We’ve all had goldfish just die unexpectedly, and we don’t really know what happened. Some might say it’s because they are so small. Others might say it’s because they stay in a bowl instead of a tank. And then there are people who will swear up and down that goldfish poison the water. Whatever the reason is, this guide will explain to you why do goldfish die so fast and what you can do about it.
Why Do Goldfish Die So Fast?
There can be very many reasons why goldfish die, but here we will discuss the most obvious ones. So let’s get started:
1- Sudden Water Changes
Goldfish are sensitive to rapid water changes. This means that if you perform excessive water changes, the chances of your goldfish dying increase.
When you change the water in your aquarium, it can be a stressful experience for your fish. When you add new water to the tank, this can cause changes in temperature and pH levels which may be harmful to your fish. The sudden change in environment can also cause ammonia spikes which can lead to death as well as stress on their immune systems.
The best way to avoid this is by slowly changing the water over time so that your fish has time to adjust to their new surroundings before they are exposed to any other changes or stresses such as feeding times or cleaning schedules.
2- Poor Health
Buying a goldfish from a pet store can be risky because many of them are sick when they arrive. Unfortunately, most fish in pet stores are kept under poor conditions that aren’t good for them or for us: dirty tanks full of dead fish and other waste products like food remnants. This makes it hard for us to tell whether our new friend is healthy or not.
When you’re buying a goldfish at a pet store, don’t just look at it—really look at it! If the fish shows any signs of sickness, like dull coloring or excessive mucus buildup in the gills, don’t buy it. Even if you think those symptoms aren’t serious enough to keep away from your new pet, they could be signs of more serious problems that will only get worse over time.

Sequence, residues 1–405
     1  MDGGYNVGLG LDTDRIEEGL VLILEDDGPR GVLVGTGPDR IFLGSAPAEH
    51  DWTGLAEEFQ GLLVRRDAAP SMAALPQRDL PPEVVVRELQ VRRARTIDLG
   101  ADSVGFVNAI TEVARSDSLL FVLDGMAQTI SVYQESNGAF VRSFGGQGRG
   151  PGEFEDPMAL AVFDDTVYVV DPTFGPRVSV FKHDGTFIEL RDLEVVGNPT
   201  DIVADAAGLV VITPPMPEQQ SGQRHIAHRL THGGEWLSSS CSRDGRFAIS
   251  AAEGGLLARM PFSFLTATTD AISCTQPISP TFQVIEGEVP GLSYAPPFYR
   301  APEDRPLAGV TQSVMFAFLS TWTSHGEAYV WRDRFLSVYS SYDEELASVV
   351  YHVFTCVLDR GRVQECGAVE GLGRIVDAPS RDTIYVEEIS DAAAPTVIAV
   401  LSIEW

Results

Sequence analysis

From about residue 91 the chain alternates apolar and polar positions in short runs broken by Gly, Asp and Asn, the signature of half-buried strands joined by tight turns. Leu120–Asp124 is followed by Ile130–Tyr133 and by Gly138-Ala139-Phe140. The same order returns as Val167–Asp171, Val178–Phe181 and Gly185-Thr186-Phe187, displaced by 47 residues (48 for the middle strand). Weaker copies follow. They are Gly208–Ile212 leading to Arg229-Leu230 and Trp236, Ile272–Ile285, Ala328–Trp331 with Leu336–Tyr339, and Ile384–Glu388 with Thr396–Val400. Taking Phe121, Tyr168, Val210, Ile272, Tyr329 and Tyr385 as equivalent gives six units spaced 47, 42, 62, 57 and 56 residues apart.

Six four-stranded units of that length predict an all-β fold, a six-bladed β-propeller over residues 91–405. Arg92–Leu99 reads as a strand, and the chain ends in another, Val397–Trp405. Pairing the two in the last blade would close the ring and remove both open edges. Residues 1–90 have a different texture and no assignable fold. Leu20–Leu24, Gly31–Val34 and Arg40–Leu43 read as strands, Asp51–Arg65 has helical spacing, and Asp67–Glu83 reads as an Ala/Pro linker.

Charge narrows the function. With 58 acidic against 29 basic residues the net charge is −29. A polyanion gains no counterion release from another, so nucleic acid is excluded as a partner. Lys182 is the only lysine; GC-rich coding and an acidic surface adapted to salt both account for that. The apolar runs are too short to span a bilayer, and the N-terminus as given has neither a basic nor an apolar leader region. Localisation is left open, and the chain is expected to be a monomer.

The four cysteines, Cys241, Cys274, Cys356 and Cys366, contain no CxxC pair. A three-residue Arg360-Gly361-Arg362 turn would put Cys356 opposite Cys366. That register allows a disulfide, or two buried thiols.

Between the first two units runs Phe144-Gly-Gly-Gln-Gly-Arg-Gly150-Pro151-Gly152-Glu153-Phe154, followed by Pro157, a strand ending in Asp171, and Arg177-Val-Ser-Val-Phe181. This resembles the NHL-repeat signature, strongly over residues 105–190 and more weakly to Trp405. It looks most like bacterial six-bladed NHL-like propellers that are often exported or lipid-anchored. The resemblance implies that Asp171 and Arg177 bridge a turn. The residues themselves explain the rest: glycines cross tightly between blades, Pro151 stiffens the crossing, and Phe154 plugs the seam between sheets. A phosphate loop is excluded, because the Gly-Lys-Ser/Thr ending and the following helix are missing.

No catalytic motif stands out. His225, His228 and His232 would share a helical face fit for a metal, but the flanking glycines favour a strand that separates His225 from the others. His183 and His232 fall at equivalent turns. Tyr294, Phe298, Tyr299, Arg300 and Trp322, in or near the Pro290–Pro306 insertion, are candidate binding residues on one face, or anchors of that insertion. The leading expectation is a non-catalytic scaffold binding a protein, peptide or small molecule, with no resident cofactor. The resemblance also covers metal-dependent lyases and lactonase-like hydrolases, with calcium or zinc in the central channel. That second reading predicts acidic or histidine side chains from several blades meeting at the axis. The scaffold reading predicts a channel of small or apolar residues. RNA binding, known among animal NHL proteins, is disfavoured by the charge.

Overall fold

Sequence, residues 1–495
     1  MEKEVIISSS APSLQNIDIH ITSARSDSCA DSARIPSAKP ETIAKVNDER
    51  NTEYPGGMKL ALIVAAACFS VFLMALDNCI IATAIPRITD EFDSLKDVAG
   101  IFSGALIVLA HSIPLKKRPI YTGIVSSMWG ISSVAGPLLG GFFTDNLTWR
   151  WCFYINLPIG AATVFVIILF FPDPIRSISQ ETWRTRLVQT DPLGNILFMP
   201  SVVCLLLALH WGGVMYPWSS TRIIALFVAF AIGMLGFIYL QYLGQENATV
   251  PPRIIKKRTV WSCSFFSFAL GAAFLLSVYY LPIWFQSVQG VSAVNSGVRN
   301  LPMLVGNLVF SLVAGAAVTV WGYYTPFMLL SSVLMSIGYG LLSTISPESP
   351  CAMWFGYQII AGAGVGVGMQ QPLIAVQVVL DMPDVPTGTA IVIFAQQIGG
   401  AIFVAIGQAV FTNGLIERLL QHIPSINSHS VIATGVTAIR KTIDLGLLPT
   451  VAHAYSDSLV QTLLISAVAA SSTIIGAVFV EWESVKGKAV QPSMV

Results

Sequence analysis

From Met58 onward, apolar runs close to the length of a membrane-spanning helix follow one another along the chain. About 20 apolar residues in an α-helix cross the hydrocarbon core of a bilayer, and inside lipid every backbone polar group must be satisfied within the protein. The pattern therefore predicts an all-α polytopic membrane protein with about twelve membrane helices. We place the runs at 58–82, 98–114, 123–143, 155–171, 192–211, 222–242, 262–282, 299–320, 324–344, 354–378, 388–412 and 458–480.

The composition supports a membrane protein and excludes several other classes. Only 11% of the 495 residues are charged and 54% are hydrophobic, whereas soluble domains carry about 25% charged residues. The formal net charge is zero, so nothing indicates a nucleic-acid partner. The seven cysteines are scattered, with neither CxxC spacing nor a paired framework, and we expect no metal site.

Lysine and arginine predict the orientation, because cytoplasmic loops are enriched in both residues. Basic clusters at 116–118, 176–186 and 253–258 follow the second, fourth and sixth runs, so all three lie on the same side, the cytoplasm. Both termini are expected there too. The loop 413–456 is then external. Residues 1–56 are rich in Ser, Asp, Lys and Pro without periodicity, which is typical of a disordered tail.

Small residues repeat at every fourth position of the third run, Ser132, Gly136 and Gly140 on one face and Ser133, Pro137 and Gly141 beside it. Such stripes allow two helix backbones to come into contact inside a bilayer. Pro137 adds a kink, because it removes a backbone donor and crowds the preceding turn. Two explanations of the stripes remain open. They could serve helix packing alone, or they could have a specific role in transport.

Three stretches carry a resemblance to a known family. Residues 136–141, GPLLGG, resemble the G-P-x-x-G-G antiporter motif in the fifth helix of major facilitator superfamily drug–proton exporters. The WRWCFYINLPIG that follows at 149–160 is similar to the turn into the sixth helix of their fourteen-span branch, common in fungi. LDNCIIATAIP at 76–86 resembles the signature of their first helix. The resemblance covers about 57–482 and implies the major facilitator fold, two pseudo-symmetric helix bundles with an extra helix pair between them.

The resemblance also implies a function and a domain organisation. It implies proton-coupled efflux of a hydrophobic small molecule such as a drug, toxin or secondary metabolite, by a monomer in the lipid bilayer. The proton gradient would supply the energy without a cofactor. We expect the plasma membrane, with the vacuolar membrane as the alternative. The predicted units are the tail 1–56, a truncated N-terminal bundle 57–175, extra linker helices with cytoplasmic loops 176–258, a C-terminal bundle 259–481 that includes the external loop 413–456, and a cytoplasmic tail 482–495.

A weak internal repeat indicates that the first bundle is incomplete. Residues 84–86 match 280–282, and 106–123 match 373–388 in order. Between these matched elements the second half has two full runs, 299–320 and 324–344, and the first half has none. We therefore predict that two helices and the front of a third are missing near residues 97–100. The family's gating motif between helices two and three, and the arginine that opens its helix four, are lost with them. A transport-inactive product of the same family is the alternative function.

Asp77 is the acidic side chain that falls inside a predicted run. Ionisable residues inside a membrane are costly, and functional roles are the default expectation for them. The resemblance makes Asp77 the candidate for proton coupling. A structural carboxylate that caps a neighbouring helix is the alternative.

3- Low Oxygen Levels
Low Oxygen Levels in the tank can be another reason why your goldfish die really quickly. There can be many potential causes of low oxygen levels in the fish tank.
There are many potential causes of low oxygen levels in fish tanks. One of the most common is simply poor maintenance. if you don’t clean your tank, or if you add too many fish, it can cause a buildup of toxins that will ultimately kill them.
Another possible cause is insufficient filtration. If you have a fish tank and don’t have a filter on it, this could be why your goldfish are dying really quickly. If you do have a filter, make sure that it’s working properly and that the water flow is sufficient for the size of your tank.
Finally, low oxygen levels can also be caused by overfeeding your fish or putting too much food in their bowl at once. Overfeeding will cause waste products to build up in the water and will eventually lead to low oxygen levels and death if they’re not removed.
This is why it’s important to keep an eye on the conditions of your aquarium or pond—you might not realize what’s going on until it’s too late! If you have a pond and are worried about low oxygen levels, try adding a fountain for aeration; if you have an aquarium and are concerned about low oxygen levels, make sure you’re changing out the water regularly and replacing filters as needed.
Chlorine is an element that’s used in many household products and even food preservation processes. it’s used to purify drinking water, treat sewage, disinfect medical supplies and equipment, kill bacteria on produce before it reaches market shelves, and more. It also happens to be pretty dangerous for your goldfish!
If you use tap water in your fish tank then this might be the biggest reason why there is chlorine buildup in your tank. When you are using tap water to fill up the tank, then it is obvious that there will be chlorine in the water. And when chlorine mixes with ammonia and other toxins in the water, it creates a dangerous chemical called chloramine.
There are different other alternatives to tap water if you want to keep using tap water in your tank. One alternative is to let it sit out for 24 hours before putting it into your tank. Another alternative is to use a dechlorinating product like Tetra AquaSafe Plus or API Stress Coat that will remove the chlorine from the water before adding it to your tank.
5- Due To Diseases
Sometimes when your goldfish dies, it’s not because you did something wrong, it could just be that they were sick and you didn’t know it.
There are many diseases that can affect goldfish, and if left untreated, they can be fatal. So what should you look out for? Here are some of the most common diseases that attack goldfish:
1- Swim Bladder Disease: This occurs when fluid collects in the fish’s swim bladder, making it hard for them to swim properly.
2- Fin Rot: Fin rot is an infection on a goldfish’s fins caused by poor water quality or injuries from other fish or objects in your tank. It can also be caused by poor nutrition or stress brought on by changes in temperature or lighting conditions.
3- Dropsy: Dropsy is another infection that causes fluid to collect around your pet’s organs (usually its internal organs). This often causes bloating as well as swelling around its eyes and face due to water retention inside its body cavity.
6- Incompatible Tank Mates